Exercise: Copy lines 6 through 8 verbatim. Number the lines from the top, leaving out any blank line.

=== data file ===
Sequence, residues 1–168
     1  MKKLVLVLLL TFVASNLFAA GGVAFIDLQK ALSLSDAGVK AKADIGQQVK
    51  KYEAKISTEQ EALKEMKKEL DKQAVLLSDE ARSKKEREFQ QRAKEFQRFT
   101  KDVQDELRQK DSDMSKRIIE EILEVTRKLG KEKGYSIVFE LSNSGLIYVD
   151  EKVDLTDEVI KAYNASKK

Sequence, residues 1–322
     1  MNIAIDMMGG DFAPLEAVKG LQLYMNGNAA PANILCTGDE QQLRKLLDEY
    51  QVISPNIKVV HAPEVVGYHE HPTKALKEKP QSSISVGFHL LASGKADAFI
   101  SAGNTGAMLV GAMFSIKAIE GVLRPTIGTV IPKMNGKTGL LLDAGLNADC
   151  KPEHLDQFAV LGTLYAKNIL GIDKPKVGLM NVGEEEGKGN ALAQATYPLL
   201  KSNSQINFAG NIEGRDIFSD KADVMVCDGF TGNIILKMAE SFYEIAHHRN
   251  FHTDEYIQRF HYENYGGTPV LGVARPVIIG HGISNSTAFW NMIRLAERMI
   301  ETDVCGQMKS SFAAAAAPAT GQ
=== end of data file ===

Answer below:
Sequence, residues 1–322
     1  MNIAIDMMGG DFAPLEAVKG LQLYMNGNAA PANILCTGDE QQLRKLLDEY
    51  QVISPNIKVV HAPEVVGYHE HPTKALKEKP QSSISVGFHL LASGKADAFI